Russia and Argentina sign fisheries trade agreement

Russia’s government has approved a draft of an agreement with Argentina on fisheries cooperation. 

The agreement will make seafood exports from Argentina to Russia significantly easier and boost trade volumes, according to an announcement from the government of Argentina. Russian fishing will obtain a right to fish in Argentinian waters, the agreement stipulates.

The last agreement between the countries was signed in 1987 and lasted through 1992. In 2014, Russia introduced a ban on imported food from a number of countries in Europe and North America, and turned to South America for more agriculture products. In 2015, Russia initiated work on a trade agreement, and the countries exchanged visits of top officials. The parties agreed upon a draft in September,  which was then approved by the Russian government, a press service of the government announced.

The newly-signed agreement also includes a cooperative agreement to step up the fight against illegal, unregulated, and unreported (IUU) fishing; conservation and restoration of marine biodiversity and fish stocks; and work on scientific projects, including joint research, exhibitions, and seminars, data exchanges, and training in fishing and aquaculture.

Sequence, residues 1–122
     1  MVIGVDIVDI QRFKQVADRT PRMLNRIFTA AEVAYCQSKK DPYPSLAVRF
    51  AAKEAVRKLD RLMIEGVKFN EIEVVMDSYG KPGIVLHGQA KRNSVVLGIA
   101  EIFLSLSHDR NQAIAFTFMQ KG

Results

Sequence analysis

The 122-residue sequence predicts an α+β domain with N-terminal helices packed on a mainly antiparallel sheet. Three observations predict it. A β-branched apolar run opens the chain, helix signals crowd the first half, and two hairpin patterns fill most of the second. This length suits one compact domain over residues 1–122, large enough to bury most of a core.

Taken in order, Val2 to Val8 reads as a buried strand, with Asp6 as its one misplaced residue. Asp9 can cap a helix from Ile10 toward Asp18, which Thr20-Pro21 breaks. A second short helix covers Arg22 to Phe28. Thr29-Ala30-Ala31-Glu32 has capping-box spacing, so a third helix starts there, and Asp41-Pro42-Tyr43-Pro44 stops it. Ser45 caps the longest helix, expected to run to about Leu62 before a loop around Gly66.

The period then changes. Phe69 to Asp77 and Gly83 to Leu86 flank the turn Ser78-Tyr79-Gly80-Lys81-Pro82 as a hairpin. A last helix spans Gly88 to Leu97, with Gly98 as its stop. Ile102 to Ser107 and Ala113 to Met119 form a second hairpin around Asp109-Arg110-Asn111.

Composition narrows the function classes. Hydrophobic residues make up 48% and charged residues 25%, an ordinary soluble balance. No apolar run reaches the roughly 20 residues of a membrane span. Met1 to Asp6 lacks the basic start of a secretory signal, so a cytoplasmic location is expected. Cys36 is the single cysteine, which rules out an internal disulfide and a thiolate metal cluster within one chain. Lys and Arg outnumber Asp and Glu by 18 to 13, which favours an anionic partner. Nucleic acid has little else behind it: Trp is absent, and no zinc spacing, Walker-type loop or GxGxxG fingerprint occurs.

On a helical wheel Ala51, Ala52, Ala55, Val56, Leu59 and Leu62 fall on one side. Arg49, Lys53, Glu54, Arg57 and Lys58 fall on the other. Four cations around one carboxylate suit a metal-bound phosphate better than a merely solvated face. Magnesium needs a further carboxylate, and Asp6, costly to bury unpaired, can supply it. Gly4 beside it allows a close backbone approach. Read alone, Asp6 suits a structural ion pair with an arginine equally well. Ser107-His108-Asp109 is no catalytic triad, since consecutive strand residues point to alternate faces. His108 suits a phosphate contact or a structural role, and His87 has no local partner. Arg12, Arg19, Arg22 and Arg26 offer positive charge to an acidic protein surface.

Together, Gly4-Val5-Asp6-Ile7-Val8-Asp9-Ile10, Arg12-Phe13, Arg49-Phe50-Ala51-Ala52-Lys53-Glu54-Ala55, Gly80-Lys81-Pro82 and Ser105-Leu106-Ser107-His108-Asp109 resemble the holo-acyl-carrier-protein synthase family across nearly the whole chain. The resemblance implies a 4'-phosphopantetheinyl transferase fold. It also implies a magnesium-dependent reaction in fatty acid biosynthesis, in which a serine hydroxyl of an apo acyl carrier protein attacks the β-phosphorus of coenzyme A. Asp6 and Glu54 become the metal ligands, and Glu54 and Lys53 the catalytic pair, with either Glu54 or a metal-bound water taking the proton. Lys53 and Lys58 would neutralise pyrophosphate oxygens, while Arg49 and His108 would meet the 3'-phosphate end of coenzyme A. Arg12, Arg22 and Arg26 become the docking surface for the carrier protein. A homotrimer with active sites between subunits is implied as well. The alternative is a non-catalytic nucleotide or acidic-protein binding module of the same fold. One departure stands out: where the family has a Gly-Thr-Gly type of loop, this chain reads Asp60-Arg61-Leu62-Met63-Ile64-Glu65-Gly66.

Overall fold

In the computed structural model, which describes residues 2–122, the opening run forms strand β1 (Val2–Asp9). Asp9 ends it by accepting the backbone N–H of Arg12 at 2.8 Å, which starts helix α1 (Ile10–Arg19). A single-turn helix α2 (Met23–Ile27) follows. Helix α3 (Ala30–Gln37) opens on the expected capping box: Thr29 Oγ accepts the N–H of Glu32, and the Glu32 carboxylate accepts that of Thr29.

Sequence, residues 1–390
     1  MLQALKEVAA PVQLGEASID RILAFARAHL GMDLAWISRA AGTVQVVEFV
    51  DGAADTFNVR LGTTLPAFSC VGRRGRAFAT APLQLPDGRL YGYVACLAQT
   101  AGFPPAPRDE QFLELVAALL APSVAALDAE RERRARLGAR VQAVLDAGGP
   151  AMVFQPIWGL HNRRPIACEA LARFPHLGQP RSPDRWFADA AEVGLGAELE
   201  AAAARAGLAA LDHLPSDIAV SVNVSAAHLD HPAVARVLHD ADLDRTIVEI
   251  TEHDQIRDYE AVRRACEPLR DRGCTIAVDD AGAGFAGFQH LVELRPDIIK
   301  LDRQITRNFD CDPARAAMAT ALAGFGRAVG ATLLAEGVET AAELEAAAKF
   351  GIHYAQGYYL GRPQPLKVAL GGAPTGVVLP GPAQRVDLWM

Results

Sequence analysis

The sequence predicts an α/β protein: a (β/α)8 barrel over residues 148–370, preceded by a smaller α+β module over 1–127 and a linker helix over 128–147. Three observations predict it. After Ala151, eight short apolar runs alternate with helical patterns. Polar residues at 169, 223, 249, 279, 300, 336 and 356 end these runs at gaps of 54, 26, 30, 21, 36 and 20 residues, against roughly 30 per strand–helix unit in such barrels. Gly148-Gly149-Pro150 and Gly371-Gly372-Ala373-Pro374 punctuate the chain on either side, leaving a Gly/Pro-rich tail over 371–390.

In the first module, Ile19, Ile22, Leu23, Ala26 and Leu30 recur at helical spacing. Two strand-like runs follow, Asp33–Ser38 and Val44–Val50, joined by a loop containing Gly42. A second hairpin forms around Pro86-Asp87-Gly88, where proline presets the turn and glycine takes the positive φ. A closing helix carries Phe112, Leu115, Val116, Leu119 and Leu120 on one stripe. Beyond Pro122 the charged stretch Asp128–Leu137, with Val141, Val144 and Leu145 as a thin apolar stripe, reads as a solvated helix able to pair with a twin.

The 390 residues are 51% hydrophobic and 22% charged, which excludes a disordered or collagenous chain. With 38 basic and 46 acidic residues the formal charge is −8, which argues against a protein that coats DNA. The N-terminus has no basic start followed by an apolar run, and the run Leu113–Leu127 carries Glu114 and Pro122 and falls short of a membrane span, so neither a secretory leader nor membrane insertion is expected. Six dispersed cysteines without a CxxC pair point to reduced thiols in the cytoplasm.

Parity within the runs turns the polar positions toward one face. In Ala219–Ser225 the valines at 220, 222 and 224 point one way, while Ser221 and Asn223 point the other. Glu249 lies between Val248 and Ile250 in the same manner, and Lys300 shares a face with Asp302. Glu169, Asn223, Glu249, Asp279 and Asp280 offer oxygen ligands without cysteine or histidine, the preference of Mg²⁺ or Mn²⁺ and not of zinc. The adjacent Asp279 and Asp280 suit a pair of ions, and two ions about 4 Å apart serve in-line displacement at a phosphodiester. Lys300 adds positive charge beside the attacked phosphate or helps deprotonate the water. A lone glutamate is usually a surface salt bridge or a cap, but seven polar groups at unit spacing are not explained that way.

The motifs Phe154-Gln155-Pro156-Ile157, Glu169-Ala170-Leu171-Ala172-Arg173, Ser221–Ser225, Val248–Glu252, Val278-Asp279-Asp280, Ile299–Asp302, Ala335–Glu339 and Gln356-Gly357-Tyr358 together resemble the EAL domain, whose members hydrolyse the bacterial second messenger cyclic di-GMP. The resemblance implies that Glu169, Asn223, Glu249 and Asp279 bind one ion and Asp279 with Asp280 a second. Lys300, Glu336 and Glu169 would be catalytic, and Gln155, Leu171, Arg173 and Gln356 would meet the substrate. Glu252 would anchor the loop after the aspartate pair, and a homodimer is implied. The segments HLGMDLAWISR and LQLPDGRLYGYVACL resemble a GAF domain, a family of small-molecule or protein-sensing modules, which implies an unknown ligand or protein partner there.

A special Russian-Argentinian Fishery Commission will be established to see the agreement implemented. The agreement will last five years with the possibility a five-year extension.  

Besides gaining access to the Argentinean market, Russia also hopes to expand its exports of pollock to consumers in the South America. 

For its part, Argentina wants to beef up its presence in Russia, with its population of 144 million people. Total Argentinian seafood export to Russia increased by 82 percent in 2017 in comparison to 2016, making it Argentina’s third most-important external market. 

In 2017, Argentina exported USD 24.3 million (EUR 21.1 million) worth of red shrimp to Russia – 193 percent more than in 2016; in volume terms it was 3,545 metric tons (MT), up 154 percent from 2016. 


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